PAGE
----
Proximity to goods/jobs/services is desirable, having good neighbors is paramount, and getting them involves a coordination problem. A previous generation’s remedy, restrictive deed covenants banning subsequent sales to members of ethnic/religious minorities, was found unconstitutional back in the 60’s. That means we can either throw up our hands, pay a lot of money for diminishing results and more rootlessness, or we can re-organize.

    I can’t write the article about this that I want to read, because I don’t know enough. But whoever can solve this coordination problem will be a hero. The schools thing is laughably easy to fix. Religious people can put their kids in parochial schools (agnostics can too, really), and homeschooling isn’t the daunting task it once was, both because of MOOCs and because it’s becoming a team sport in ways it once wasn’t; homeschool cooperatives are available in every major city, and they ameliorate most of the worst things about doing it.

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  3. The way I’ve seen it being done, they don’t spruce up old buildings. Instead, they bulldoze everything and put up condos. Then it all starts to look like Los Angeles. The Los Angeles look is fine for Los Angeles, of course, but any other city loses some of its uniqueness.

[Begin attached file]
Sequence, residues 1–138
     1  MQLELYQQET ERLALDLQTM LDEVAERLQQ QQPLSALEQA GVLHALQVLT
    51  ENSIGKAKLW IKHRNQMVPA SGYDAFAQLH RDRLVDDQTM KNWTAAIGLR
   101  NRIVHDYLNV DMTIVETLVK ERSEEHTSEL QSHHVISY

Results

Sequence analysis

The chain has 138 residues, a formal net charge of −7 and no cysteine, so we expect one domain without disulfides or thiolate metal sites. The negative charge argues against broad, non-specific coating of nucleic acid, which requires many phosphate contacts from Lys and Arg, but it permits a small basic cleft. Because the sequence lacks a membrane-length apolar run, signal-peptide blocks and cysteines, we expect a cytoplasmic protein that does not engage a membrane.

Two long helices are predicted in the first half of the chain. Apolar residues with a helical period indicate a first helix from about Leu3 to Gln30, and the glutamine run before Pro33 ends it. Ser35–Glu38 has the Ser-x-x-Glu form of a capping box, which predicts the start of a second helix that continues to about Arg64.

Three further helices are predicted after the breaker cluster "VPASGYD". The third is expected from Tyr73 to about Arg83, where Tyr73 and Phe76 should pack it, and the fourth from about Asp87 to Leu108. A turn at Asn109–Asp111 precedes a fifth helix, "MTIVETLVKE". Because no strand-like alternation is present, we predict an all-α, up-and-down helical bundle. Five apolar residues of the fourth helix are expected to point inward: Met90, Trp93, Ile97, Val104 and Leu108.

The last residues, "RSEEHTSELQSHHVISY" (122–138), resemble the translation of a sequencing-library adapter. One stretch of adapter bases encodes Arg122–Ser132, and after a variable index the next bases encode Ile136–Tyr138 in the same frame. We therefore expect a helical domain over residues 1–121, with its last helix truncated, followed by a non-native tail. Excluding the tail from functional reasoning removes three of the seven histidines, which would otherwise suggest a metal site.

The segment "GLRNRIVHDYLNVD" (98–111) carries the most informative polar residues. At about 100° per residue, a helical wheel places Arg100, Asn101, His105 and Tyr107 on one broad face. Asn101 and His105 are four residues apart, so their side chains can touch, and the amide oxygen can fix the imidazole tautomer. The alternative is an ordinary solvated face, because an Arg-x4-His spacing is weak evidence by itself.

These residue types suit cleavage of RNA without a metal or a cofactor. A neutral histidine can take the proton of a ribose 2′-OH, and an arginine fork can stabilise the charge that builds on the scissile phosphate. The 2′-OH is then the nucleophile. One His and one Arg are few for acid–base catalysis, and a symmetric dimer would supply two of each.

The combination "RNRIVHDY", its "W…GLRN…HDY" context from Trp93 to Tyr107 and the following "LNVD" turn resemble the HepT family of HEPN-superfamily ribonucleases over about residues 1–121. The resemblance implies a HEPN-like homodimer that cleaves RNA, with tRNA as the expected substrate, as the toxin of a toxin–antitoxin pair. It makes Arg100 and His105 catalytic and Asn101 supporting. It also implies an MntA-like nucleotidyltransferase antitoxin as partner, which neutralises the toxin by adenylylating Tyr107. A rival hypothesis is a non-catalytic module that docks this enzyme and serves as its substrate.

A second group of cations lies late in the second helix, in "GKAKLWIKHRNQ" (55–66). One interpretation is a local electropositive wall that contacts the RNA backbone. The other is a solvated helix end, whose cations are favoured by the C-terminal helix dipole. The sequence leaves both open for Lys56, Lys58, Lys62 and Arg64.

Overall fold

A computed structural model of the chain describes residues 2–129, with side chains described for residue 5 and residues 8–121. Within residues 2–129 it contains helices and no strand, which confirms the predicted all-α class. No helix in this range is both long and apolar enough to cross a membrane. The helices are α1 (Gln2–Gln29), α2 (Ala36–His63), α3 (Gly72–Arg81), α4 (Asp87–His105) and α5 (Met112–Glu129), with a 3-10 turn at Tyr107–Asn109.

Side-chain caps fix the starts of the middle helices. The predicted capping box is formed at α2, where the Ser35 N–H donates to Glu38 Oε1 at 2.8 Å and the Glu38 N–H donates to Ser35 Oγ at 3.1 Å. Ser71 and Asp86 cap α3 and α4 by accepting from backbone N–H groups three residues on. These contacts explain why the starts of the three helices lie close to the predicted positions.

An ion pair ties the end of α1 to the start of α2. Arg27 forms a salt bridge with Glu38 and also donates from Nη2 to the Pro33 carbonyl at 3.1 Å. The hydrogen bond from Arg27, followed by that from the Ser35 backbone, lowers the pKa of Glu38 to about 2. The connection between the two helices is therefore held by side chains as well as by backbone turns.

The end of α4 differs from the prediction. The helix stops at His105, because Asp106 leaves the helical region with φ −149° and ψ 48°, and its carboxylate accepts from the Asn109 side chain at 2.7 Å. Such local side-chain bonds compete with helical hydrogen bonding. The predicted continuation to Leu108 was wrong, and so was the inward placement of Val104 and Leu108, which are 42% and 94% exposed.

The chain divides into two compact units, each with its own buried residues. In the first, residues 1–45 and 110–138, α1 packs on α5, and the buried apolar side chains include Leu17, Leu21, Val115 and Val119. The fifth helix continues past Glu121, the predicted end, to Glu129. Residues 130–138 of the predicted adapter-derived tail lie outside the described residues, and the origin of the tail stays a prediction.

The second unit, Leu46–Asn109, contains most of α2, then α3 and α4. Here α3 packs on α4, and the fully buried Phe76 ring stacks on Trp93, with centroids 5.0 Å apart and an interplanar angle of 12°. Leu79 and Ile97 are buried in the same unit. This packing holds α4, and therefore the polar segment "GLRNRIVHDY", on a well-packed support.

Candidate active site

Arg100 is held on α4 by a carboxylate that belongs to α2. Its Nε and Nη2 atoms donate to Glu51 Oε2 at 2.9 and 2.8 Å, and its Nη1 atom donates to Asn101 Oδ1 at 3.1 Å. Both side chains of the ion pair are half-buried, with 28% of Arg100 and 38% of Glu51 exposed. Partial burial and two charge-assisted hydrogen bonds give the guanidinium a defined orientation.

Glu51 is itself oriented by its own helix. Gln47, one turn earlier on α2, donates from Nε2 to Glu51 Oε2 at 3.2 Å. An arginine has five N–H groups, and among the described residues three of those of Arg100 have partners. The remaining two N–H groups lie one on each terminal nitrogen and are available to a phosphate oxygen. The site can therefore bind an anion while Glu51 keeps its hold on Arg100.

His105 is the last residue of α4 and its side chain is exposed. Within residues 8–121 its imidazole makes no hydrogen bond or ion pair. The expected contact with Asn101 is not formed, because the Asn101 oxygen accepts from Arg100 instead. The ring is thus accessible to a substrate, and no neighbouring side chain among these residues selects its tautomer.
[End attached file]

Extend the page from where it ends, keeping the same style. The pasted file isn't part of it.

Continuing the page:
The way it’s usually done is that City Council jacks up the property tax rates. That forces the underclass folks to move elsewhere, as they can’t keep up with the payments. Then the developers can scoop up the vacant properties. As the first commenter pointed out, these folks have to move elsewhere, and you know what happens to the neighborhood where they next settle – we’ve seen plenty of that since the 1960s.

    So that gives the urban elves a trendy place to hang out, and it gives the yuppies a short commute downtown, and the developers rake in the dough from all this. Still, it’s a destructive trend.